Michele has a doctorate in food science and technology from the University of Perugia, he was head brewer at the pilot plant of CERB (Centre di Excellenza per la Ricerca sulla Birra; the Italian Brewing Research Centre), he did an internship at Campden BRI (the beer research institute in Surrey, UK) and he has a background in homebrewing. He’s also a proud Umbrian and as such was the ideal candidate to run the purpose-built brewery for the Farchionis and pursue a remit to make brews featuring typical local ingredients. He started experimenting with brews in 2010.
The brewery currently produces four beers, all top fermented, non-pasteurised, unfiltered and bottle conditioned. Cotta 21 is a blonde, made with farro, an ancient strain of wheat grown in Umbria for centuries. Cotta 37 is an amber ale made with roasted caramel malts and cicerchia (chickling vetch, grass pea; Lathyrus sativus); Cotta 74 is a doubled malted dark ale made with 15% lentils; and Cotta 68, which is also double malted, but is a paler, strong ale (7.5% – which isn’t actually that strong for an Italian beer). All of which are delicious.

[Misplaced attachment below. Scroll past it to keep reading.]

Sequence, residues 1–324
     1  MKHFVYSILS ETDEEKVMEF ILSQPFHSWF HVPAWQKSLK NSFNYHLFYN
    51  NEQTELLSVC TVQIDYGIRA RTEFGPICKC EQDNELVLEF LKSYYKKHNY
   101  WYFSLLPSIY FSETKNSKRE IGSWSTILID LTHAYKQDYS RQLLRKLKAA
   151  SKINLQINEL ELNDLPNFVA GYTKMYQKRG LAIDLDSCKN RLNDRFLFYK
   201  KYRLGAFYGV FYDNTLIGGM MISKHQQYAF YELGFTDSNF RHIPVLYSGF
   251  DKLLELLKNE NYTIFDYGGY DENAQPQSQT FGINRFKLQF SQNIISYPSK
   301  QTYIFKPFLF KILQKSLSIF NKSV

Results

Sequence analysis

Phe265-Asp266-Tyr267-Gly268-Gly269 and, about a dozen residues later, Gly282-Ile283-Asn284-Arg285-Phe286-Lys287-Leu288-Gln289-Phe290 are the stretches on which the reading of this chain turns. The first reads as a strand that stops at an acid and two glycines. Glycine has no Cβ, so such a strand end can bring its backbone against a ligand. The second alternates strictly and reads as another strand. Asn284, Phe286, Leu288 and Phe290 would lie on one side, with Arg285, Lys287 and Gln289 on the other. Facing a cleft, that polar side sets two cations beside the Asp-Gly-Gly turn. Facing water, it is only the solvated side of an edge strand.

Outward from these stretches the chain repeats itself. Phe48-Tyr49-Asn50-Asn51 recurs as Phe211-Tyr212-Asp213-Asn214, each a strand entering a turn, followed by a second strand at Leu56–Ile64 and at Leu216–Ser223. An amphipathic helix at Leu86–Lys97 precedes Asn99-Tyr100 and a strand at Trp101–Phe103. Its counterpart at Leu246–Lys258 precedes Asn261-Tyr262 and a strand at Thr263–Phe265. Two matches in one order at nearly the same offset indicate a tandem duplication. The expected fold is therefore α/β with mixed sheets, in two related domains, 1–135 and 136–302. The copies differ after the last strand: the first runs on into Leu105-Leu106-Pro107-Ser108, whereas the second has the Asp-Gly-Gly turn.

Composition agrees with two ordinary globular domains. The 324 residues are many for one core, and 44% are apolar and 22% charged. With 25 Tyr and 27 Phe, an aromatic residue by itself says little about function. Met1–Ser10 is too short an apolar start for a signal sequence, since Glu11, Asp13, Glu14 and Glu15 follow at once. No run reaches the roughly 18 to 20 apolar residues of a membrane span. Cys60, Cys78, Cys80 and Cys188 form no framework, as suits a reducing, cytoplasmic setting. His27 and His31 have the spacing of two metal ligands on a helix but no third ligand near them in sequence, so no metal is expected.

The use of these atypical ingredients brings about some interesting challenges. A special mashing process, for example, is required to break down the proteins in the legumes. (Michele explained barley is about 10.5-11% protein, the legumes more like 18-19%.)
It’s certainly a very impressive brewery, with state-of-the-art German equipment and even facilities to automate the first brew of the day, which starts at 1am. Indeed, the whole impression is a more industrial operation, though perhaps that’s a misconception. We assume craft breweries are based in rough sheds with rudimentary equipment and labels stuck on by hand, but there’s clearly a broad spectrum. Especially in Italy, where there’s currently no legal definition of a “craft brewery” or “microbrewery”. This is an interesting question that Jeremy’s podcast gets into and something I talk about more in the following post.